Colonies and Empires
The history of New France is one of discovery. Cartier and Champlain, Cavelier de La Salle and La Vérendrye, to name but a few, pushed back the frontiers of the territory known to the French. Discovery was, it must be said, two-sided. For Aboriginal peoples, who had occupied the territory for millennia, the encounter with newcomers was just as critical. Territorial expansion and the promotion of human relations went hand in hand.
During this period of European expansion, the French did not focus exclusively on the area that would become New France. Before settling there, they sought in vain to establish themselves in what is now Florida and Brazil. Later, they settled not only in North America, but also in the West Indies, and they established trading posts as far away as Africa and Asia. The French, moreover, were not the only ones to put out to sea with their sights set on founding colonies. The Spanish and the Portuguese were ahead of the game; the English and the Dutch also embarked on voyages of exploration. By looking at the entire colonized world, we gain insight into what was specific about New France and come to understand its place in history.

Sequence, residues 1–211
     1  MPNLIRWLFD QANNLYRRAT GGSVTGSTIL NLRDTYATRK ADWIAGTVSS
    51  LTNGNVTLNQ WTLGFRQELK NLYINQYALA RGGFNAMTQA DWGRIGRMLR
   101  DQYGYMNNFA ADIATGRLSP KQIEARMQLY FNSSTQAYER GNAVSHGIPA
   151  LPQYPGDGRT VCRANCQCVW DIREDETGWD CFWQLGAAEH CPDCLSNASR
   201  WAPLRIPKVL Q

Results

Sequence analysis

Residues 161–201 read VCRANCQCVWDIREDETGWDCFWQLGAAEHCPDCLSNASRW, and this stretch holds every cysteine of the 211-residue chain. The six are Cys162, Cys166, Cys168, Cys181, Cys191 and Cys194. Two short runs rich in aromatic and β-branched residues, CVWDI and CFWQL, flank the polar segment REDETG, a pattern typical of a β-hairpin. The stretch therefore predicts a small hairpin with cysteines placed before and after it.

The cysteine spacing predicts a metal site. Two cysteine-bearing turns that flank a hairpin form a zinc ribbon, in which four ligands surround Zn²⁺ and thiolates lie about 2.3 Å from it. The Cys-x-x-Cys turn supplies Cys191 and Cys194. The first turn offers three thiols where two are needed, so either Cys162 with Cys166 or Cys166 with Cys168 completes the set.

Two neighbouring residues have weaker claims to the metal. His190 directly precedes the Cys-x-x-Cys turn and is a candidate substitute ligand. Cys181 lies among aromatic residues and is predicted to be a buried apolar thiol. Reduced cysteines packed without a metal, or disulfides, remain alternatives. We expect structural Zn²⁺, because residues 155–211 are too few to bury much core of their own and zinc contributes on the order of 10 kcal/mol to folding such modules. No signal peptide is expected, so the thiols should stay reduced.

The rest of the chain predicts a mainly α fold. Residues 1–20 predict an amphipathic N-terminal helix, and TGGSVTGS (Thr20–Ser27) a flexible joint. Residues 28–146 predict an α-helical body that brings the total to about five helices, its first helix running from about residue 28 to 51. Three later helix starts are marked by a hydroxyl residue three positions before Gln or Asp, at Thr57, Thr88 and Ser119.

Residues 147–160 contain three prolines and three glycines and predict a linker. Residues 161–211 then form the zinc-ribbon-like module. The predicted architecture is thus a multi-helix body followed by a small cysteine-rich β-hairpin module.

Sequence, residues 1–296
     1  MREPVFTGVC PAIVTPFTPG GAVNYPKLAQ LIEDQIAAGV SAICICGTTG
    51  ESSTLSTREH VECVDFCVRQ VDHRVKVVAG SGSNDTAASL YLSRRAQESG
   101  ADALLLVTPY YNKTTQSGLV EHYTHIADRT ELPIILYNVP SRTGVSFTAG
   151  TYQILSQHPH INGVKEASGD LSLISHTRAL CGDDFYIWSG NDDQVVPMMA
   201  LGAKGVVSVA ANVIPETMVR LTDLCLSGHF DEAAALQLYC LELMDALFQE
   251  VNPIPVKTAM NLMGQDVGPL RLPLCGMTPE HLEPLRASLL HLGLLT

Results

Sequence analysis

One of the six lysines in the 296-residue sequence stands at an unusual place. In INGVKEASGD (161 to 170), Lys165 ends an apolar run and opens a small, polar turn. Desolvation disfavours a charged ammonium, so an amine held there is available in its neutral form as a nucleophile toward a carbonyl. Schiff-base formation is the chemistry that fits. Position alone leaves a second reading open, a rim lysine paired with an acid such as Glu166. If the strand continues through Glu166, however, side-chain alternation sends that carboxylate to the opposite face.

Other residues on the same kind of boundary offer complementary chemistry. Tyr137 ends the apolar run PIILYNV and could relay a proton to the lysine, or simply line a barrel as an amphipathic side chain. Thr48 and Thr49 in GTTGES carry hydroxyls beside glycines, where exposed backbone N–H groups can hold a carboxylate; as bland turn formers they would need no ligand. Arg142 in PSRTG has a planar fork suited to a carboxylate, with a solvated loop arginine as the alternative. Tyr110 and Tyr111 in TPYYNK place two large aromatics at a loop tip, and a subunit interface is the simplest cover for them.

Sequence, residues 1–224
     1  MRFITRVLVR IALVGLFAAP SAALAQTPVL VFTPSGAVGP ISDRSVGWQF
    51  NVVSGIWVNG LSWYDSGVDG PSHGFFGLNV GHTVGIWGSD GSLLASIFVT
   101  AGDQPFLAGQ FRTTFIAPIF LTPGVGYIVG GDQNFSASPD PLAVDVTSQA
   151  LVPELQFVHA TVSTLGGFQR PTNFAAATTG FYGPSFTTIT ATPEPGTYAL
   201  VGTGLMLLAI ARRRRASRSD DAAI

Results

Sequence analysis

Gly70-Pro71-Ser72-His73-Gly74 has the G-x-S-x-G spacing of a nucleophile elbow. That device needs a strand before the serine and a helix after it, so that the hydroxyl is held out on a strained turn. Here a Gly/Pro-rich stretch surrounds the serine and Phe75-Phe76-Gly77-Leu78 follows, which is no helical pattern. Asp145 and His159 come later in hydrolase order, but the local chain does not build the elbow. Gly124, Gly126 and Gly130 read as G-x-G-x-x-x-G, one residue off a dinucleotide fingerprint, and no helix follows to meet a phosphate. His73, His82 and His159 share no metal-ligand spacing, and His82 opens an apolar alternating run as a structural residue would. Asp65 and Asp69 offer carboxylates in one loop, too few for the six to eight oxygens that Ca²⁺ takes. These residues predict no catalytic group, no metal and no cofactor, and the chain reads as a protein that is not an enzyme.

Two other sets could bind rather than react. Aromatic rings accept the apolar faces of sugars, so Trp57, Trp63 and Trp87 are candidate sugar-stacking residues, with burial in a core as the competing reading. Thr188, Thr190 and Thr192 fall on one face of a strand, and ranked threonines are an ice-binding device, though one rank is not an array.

Relations between the French in the Americas and their Aboriginal and European neighbours shifted over time and depending on circumstances. Officers and missionaries improvised as diplomats. The expansion of trade networks and alliances resulted in geopolitical disturbances. The history of New France was marked by battles, sieges and violence. Against the Iroquois, the Fox, the Natchez and the Chickasaw, the French were sometimes on the defensive, and sometimes on the offensive. At the same time, competition between colonies and rivalry among the major European powers regularly sparked enmity. It was through these recurring conflicts that the colony evolved.